As social commerce continues to gain traction, retailers are looking for innovative ways to harness the power of aspiration to boost sales through new mobile shopping apps.
Gilt Groupe co-founder Alexis Maybank launched a fashion marketplace app today that curates photos from Instagram and allows users to tap for product details and links to retail sites where they can shop instantaneously. The app, titled Project September, is collaborating with leading photographers, bloggers and stylists to showcase their favorite items, ranging from H&M to Chanel.
While this idea isn’t particularly novel, the real challenge will be in changing consumer shopping habits and in differentiating, particularly in a space that “feels a bit forced,” according to Mariana Rittenhouse, director of brand strategy at Dash Hudson.
Rittenhouse expressed skepticism that consumers will feel compelled to download multiple apps to find products when they can continue to use platforms like Instagram to identify trends organically. She noted many mobile shopping apps have also created separate promotional Instagram accounts to build momentum, a telling sign of its influence.
However, Project September promises to “bridge the gap between social browsing and online shopping” and comes on the heels of programs like Spring, a recently launched platform that allows users to browse and buy products from a collection of partnering companies, and the popular LikeToKnow.It.
Project September is hoping to set itself apart by partnering with big name fashion icons, including Marie Claire creative director Nina Garcia, Nicole Richie and Christy Turlington Burns. The notable partners will join social influencers to serve as fashion advisers to the app.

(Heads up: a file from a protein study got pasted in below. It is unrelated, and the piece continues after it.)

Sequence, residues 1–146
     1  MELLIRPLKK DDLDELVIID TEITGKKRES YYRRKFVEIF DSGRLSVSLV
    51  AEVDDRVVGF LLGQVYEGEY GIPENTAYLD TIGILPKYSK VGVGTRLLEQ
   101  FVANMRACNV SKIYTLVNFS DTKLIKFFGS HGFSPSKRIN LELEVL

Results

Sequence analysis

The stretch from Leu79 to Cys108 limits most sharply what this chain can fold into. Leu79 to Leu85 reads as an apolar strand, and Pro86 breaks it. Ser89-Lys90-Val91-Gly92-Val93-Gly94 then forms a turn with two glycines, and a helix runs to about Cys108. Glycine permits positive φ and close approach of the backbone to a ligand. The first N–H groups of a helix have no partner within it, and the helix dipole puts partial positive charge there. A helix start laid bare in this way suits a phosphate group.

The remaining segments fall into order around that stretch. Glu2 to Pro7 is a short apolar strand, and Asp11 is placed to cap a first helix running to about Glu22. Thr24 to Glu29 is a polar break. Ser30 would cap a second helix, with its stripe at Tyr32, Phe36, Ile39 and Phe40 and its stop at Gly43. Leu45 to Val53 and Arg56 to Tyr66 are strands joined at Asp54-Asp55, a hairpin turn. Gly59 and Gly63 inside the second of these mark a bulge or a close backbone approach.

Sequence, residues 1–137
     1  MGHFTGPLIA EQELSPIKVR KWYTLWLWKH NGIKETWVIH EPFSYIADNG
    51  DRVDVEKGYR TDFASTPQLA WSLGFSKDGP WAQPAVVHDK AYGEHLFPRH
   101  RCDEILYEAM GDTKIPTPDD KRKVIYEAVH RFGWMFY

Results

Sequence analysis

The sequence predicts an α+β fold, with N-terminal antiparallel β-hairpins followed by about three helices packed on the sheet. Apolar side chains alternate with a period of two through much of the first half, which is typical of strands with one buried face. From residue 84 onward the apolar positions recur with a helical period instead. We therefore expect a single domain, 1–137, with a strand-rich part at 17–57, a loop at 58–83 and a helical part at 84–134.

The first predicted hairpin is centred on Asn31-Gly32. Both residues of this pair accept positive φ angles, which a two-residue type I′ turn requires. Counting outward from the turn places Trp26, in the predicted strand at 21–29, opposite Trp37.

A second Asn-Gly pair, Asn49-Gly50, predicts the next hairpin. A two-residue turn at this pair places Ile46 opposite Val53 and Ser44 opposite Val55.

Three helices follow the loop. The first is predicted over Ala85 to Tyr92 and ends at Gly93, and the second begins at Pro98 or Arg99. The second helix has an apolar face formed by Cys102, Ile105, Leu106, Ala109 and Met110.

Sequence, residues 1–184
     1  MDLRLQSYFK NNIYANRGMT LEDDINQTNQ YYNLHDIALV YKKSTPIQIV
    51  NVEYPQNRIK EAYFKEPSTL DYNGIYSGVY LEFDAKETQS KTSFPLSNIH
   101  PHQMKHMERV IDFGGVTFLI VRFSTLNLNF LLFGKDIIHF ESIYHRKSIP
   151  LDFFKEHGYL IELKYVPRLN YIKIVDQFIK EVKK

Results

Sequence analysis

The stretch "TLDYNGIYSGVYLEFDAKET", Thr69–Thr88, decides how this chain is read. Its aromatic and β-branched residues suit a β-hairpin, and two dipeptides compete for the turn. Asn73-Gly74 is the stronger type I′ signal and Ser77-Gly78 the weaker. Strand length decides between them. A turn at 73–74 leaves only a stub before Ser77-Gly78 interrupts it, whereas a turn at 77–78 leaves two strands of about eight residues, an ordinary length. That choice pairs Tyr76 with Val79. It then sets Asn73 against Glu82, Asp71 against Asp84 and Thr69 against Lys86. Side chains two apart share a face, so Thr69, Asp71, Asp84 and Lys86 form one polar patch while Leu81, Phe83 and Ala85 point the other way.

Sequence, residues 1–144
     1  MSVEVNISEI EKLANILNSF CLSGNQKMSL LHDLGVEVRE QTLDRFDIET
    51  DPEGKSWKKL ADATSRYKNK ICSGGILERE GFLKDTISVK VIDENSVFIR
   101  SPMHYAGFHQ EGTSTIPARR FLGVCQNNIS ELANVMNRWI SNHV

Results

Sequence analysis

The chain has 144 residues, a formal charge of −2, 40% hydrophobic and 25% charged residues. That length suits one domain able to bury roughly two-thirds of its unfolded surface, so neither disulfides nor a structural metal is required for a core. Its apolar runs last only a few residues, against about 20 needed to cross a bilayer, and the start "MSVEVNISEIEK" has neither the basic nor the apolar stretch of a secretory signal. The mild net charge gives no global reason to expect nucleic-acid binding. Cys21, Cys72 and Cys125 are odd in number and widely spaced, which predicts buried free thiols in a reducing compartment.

The app is funded by money provided by venture capitalists including William Morris Endeavor, Venrock and Greylock Partners, among others. Project September also allows users to earn a commission through the sale of items purchased from their images.
“Until now, I had to search blindly for items that caught my eye on social media, often never discovering where I could actually make my purchase online,” Maybank said in a statement. “This was frustrating. So we set out to build a shopping experience where consumers could shop directly from photos.”
Scrolling through Project September, the interface is reminiscent of a Pinterest fashion board, with a bevy of images of well-dressed men and women in picturesque locales, lounging on a beach chair here or walking down a city street there. Users can shop any number of looks, from athleisure to luxe watches and jewelry, that span a variety of price points.
Rather than pinning to a board where the image will likely fall into obscurity, users tap on the photos directly and click on green dots that provide additional product information and link to external sites where they can buy the product of interest.
“[The apps are] capitalizing on the consumer behavior that we’re seeing on Instagram, but one of the great things about Instagram is that you’re not following someone just to shop them,” Rittenhouse said. “There is the ability to shop Instagram in a more passive way.”
She said establishing an organic platform that doesn’t feel contrived is vital to success, and pointed to apps like Net-a-Porter’s The Net Set as being exemplary in creating an integrated consumer experience. The Net Set includes “Style Tribes” that help users filter and shop according to their personal style.
Rittenhouse added that apps with a unique gimmick are particularly successful, like the youth-oriented Wish app, which incorporates gamification by incentivizing users with additional discounts when they purchase from flash sales during specified time windows.
“The way that we consume media is changing every week. These shopping apps are going to have difficulty standing the test of time because of that, unless they provide some sort of additional value,” she said, noting that someday soon consumers may be shopping via Snapchat.”
Regardless, attracting consumers via mobile apps will continue to be difficult, particularly in light of recent comScore data that showed a significant gap between the amount of time consumers spend on their phones and how much money they’re actually spending.
As Rittenhouse said, determining the efficacy of these apps will be “a waiting game.”